“Don’t stress about people stealing your idea. If it can be stolen, its worthless. The only valuable ideas are the ones that only you can execute.”
Question: I would very much like to create a business that deals in Jungian psychology and the interplay between seeing nature as a great healer for the psyche, and environmental education. The problem is that I don’t have a product per se. I have information that I know extremely well and can speak very eloquently on (with great passion). How can I monetise this information? I have very good counselling skills, I know my subject matter backwards, but I’m struggling with how what I know can benefit the market. — Lavinia
Product is easy. Selling is the hard part. You feel confident you have a solid product, now you need to package it, market it, and sell it.
Start with packaging. Create a website. Explain on the landing page what you offer the customer. Make it simple, no jargon. (ie: I will make you happy). Testimonials are highly effective.
Remember: Selling aspirin is easier than selling vitamins. Relief from pain is an easier sell than prevention of ill-health.
Okay, you have a website. Now you need to raise awareness. Share with all your friends and family. Share on Twitter, on Facebook. Get the word out there. Someone will eventually contact you. Now, you have to actually sell your product.
Make sure you give the right price, and make sure you collect your cash. Business is not for folks who feel squeamish when asking for money. Help your first customer. Wait for word-of-mouth reference. Help the next customer. Rinse, repeat.
Related: 20 Quick Money-Making Business Ideas
Selling hours is hard to scale. If you want to grow your revenues without working harder, consider online counselling, or group counselling. Books are great for PR, not great for revenue.
Should I bounce my idea off someone I trust and whom I believe would give me constructive feedback? What type of person would this be? — Ian
The first question to ask is, ‘What is his incentive?’ If the person you ask has the same incentive as you (ie. your success), then pay attention to advice. If not, ignore. That’s why you should ignore most advice. Only seek out those that have your best interests at heart.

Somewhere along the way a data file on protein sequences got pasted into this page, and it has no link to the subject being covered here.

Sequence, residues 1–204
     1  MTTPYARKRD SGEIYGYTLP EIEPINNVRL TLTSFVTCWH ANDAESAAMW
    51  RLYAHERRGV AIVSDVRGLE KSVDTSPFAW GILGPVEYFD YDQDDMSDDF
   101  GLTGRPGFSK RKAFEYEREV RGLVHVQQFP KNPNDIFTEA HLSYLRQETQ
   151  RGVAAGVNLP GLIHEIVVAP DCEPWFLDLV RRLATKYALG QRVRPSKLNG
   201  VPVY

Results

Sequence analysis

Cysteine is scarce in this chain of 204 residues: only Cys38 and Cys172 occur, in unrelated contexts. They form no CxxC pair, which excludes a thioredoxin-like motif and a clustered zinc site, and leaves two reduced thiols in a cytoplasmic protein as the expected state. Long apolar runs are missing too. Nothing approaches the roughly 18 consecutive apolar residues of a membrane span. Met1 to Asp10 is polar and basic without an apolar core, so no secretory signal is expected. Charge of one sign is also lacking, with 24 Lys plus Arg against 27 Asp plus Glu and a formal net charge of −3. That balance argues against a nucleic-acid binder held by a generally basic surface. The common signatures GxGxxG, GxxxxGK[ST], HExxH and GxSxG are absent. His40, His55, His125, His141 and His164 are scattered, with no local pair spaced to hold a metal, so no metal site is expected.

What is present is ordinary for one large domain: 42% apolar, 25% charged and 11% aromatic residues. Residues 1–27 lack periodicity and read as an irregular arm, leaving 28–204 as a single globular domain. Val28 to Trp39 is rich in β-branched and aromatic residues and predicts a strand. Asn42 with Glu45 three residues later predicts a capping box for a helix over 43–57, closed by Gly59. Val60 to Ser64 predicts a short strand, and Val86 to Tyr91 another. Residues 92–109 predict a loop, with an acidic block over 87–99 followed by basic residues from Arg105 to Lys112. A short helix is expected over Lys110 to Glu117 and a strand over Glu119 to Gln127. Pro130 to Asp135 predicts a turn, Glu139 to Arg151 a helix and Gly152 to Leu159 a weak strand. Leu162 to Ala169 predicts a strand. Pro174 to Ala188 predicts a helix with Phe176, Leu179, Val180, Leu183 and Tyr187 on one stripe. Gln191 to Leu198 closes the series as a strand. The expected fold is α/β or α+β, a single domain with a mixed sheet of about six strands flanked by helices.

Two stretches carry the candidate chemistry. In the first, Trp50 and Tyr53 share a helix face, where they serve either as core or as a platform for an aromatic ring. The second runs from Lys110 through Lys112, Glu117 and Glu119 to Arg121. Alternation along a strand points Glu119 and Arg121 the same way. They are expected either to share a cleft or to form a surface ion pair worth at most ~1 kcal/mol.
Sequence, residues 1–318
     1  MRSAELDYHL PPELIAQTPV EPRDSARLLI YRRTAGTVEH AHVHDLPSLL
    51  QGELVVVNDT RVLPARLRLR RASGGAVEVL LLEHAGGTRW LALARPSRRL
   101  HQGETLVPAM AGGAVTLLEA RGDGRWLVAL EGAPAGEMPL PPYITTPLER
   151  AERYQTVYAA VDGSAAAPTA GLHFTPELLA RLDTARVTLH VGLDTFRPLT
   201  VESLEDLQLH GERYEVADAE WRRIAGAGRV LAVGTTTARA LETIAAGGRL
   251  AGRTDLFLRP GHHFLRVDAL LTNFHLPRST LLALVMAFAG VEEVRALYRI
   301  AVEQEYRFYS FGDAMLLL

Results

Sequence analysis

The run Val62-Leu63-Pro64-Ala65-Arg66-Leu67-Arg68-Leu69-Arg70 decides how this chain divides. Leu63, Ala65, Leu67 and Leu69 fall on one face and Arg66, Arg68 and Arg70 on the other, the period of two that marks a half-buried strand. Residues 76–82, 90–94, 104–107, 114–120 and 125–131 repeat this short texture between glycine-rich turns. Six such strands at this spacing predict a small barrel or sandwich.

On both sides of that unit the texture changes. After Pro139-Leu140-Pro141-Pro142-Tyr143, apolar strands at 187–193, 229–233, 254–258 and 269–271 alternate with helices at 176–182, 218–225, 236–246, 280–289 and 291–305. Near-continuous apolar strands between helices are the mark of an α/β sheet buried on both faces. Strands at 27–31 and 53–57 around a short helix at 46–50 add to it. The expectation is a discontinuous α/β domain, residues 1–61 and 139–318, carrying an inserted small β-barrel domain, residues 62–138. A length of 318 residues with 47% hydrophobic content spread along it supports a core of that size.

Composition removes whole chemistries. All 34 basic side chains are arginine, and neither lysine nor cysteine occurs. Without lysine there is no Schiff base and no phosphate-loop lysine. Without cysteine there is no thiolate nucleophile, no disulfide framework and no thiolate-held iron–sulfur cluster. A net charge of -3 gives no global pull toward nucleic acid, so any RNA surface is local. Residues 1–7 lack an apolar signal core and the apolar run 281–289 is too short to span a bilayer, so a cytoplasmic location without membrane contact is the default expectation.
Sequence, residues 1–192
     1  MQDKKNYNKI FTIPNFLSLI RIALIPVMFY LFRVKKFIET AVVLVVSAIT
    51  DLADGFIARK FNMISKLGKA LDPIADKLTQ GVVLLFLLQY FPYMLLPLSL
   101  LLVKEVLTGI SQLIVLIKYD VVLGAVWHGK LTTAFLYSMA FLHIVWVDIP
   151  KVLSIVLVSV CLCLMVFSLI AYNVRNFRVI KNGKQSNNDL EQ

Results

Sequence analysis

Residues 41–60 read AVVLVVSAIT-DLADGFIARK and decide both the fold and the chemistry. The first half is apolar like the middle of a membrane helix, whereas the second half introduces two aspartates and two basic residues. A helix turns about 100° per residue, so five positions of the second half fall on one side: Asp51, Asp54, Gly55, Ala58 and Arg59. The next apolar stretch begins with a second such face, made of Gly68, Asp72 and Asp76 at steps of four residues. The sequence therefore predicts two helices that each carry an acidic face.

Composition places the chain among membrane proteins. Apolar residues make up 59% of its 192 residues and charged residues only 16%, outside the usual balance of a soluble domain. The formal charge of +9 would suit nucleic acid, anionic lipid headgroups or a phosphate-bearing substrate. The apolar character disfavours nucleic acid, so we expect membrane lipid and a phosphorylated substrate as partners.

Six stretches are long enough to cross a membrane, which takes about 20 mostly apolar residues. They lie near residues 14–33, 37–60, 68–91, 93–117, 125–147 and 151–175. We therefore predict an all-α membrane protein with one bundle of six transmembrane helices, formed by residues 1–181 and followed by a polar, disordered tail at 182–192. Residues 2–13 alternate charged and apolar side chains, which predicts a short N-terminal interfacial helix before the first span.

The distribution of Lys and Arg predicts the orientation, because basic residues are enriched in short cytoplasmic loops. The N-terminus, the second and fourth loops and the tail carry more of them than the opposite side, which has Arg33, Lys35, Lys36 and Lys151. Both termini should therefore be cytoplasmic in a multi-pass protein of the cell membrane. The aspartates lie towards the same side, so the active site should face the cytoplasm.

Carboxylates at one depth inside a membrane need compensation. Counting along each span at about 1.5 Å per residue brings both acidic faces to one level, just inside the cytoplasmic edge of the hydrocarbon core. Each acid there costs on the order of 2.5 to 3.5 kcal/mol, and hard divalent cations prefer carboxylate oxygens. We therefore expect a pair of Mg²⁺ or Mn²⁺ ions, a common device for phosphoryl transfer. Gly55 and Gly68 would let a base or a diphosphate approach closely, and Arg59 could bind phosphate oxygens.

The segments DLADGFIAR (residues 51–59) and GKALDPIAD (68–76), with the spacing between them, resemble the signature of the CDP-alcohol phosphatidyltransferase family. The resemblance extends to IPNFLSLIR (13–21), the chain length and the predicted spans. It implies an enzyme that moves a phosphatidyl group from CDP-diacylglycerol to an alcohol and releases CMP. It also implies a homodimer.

The second important question to ask is, “Does he have experience?” Asking a life-long Post Office employee his opinion on your start-up idea is a pretty useless exercise. Chances are he won’t know that he doesn’t know anything about start-ups, and so will spout a fount of advice that is not grounded in reality. Same goes when asking a Professor of Entrepreneurship. For the most part, academics have great theories, but have never had skin in the game.
Regarding the question of trust, don’t stress about people stealing your idea. If it can be stolen, its worthless. The only valuable ideas are the ones that only you can execute.
How do you crowdfund a food business? — JC
All things being equal, crowdfunding doesn’t work. Especially for start-ups in South Africa. It’s like trying to be Jay-Z or Taylor Swift. You see the success stories, every day. They’re paraded in front of you. What you don’t see are all the failure stories. For every successful crowdfunded company (or Jay-Z), there are hundreds of thousands of failures.
Related: A – Z Easy Small Business Ideas
If I were you, I wouldn’t put energy into crowdfunding, no matter whether it’s a food business or a rocket business. The way to raise money for start-ups is family and friends.